Friday, June 01, 2007

Strategic Planning Fix #1 - What Process Did You Use?

This is the first question I ask anyone who asks me if I can help fix their strategic planning. The reason is simple - every process has strengths and weaknesses, and the issues you are having with your strategic planning may well be the direct result of the process you chose to use.

Surprisingly, a common answer to this question is "We didn't really use a process" or "We read a couple of books and came up with our own process". Obviously, both of these can lead to problems. There are inevitable pitfalls in process design in strategic planning, and no process, or a mishmash of elements from several processes, can get you into those pitfalls quickly. So my first point is use a strategic planning process! Ideally, you want to use a process that's been tested and refined through use in thousands of companies in many different industries over the past 25 years, with a proven track record. Anything else is probably a mishmash of other processes put together by an inexpert strategist who wants to get into the business, and just as likely to lead to problems. Your best bet, of course, is a program like Simplified Strategic Planning, which is the most popular strategic planning model in use today.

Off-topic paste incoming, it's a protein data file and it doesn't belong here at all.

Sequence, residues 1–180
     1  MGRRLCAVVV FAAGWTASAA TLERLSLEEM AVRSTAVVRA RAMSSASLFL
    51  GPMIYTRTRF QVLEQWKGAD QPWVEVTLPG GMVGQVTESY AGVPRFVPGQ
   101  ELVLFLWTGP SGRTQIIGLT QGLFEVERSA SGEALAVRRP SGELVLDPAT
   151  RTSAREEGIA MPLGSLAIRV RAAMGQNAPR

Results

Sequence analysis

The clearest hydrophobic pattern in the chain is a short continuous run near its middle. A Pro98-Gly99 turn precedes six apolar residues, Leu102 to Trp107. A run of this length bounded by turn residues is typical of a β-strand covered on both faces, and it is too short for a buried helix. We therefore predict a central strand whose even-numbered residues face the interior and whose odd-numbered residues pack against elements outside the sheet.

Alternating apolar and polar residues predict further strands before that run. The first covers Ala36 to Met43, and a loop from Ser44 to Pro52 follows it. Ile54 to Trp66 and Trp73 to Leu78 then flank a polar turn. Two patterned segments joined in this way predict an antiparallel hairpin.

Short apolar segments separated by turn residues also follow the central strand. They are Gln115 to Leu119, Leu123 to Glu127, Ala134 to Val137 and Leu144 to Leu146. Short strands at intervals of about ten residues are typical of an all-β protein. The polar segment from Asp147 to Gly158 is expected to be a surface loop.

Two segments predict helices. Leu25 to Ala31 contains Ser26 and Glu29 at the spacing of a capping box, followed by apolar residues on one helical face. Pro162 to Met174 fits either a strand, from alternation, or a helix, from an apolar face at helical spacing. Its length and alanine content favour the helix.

The second point I want to make is that many processes that people use for strategic planning leave huge gaps where there should be data, analysis and documentation. My favorite example is Balanced Scorecard, which is an blown-up version of the Measures of Performance we started using in 1981. It's not a complete planning process - it's just a part of the process - and yet many companies treat Balanced Scorecard as their main strategy effort. That's like trying to drive from New York to LA by watching the speedometer and gas gauge - but not a map. Sure, you'll make good time...but where the heck will you be going?

The most common gap I find in other people's planning processes is implementation. Be sure to ask about how a process handles this, because implementation is the most common issue with strategic planning among attendees at our Simplified Strategic Planning seminar.

No comments: